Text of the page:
Secrecy News

Origins of “The Right to Know”

“There is nothing in the Constitution about ‘the public’s right to know’,” wrote former Assistant Director of Central Intelligence Mark M. Lowenthal in his book “Intelligence: From Secrets to Policy” (CQ Press, 2000, page 143).

“The Constitution safeguards freedom of speech and of the press, but these are not the same as a right to information,” Mr. Lowenthal argued.

This is not quite correct. The Constitution may be readily understood to grant a public right to know certain types of information.

Specifically, the Constitution imposes an obligation on the government to publish two categories of information: a Journal of Congress (Article I, section 5) and a statement and account of all receipts and expenditures (Article I, section 9).

And the government’s obligation to publish this information is semantically identical (or nearly so) to a public right to know it.

The public only gained a broader legal right to access government information with the Freedom of Information Act, which was first enacted in 1966. Prior to that time, one could ask for information, but the government had no duty to respond. Since then, thanks to the FOIA, the public has had a legally enforceable right to compel disclosure of non-exempted information.

As for the phrase “the right to know,” it was apparently coined in the 1940s by Kent Cooper, who was the executive director of the Associated Press. The New York Times credited him with originating the phrase in an editorial on January 23, 1945. (As noted by James S. Pope in the Foreword to “The People’s Right to Know” by Harold L. Cross, Columbia University Press, 1953, p. xi.)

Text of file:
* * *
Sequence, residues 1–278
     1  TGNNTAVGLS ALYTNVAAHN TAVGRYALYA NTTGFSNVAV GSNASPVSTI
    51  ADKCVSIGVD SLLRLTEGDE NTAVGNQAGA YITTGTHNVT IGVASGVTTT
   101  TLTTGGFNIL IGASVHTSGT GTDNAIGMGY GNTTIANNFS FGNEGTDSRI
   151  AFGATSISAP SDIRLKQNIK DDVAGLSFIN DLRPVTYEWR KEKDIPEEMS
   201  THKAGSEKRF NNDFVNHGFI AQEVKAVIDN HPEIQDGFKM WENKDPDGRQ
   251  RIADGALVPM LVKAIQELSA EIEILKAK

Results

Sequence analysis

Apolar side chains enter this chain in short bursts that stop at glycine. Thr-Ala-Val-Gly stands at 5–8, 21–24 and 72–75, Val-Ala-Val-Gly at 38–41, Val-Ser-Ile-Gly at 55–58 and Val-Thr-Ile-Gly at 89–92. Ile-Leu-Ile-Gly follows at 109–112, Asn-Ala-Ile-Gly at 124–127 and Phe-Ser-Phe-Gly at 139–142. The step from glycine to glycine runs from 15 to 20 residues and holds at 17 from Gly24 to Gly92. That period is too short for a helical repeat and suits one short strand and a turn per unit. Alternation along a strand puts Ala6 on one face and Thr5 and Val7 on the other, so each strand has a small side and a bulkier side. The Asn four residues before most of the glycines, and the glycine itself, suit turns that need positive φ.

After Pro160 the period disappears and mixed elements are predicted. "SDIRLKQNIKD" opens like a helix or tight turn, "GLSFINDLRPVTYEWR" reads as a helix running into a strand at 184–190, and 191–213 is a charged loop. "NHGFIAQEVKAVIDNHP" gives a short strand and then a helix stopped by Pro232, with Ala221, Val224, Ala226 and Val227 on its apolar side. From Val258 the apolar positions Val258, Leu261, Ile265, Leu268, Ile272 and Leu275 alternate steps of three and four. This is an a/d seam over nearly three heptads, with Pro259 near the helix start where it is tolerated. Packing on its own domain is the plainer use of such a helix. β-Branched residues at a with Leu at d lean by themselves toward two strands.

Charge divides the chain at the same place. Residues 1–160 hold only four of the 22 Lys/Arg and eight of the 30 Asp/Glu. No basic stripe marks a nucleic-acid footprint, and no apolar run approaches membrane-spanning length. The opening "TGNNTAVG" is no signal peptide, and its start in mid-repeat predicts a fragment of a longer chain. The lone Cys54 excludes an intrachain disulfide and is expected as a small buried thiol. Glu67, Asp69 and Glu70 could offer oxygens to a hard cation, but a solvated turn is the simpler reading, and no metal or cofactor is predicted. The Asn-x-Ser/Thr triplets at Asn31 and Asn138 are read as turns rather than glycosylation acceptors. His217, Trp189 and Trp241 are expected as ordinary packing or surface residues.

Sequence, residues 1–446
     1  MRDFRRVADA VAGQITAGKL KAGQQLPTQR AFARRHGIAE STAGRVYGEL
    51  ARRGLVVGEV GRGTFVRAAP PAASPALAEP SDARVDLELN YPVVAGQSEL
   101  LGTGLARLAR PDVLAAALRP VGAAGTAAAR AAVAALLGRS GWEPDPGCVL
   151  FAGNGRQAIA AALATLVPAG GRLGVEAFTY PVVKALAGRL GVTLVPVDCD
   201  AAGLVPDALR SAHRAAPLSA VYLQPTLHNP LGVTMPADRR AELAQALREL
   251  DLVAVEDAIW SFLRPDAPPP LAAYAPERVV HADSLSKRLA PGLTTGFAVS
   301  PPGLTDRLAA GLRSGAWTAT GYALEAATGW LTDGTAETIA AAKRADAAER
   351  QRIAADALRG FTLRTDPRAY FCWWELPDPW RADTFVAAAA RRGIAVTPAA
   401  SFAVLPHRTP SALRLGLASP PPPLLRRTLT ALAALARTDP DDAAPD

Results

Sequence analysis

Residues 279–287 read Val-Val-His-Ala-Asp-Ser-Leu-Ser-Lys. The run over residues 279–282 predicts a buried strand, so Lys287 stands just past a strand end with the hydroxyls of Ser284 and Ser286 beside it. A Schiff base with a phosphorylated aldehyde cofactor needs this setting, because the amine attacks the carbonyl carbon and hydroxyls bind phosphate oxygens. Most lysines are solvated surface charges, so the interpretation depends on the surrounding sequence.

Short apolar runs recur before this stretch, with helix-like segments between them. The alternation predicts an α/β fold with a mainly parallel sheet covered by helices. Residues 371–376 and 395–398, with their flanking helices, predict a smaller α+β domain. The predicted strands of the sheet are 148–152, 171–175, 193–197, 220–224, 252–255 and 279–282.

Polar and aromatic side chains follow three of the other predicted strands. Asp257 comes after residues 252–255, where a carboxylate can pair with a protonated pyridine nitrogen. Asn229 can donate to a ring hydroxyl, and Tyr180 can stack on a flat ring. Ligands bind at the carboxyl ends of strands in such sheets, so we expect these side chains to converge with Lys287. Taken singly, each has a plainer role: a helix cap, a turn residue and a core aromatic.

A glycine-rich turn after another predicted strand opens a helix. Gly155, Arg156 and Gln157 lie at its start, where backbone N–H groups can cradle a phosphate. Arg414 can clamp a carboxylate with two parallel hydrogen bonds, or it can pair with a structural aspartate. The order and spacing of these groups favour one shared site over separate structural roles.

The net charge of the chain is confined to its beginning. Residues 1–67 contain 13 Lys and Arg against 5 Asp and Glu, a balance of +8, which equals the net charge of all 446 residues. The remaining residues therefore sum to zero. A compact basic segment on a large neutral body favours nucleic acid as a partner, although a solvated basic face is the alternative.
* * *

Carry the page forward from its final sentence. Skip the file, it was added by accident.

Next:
0 thoughts on “Origins of “The Right to Know”

  1. To me it is inherent in a representative democratic system that a person has the right to know what the government is doing.

    Otherwise, how can one make any decision, particularly intelligent decisions, about for whom to vote.

  2. I very much appreciate the plug for my book (now in its 3rd edition) re my comments on the Constitution and the public’s right to know. Your comments notwithstanding, my statement remains correct as written. There is no blanket Constitutional “right to know.” I am not a lawyer but I am hard pressed to see how the Constitutional requirement to publish certain types of information, such as the budget, then translates into a blanket right.

    FOIA obviously creates a requirement to publish information. It also grants limits and restrictions on that requirement for classified information. Again, I do not see how this translates into a blanket right and we obviously cannot have a circumstance in which a law supersedes the Constitution. Moreover, not every law is based on “rights.” Some are administrative in nature, which is how I would characterize FOIA.

    Mark Lowenthal

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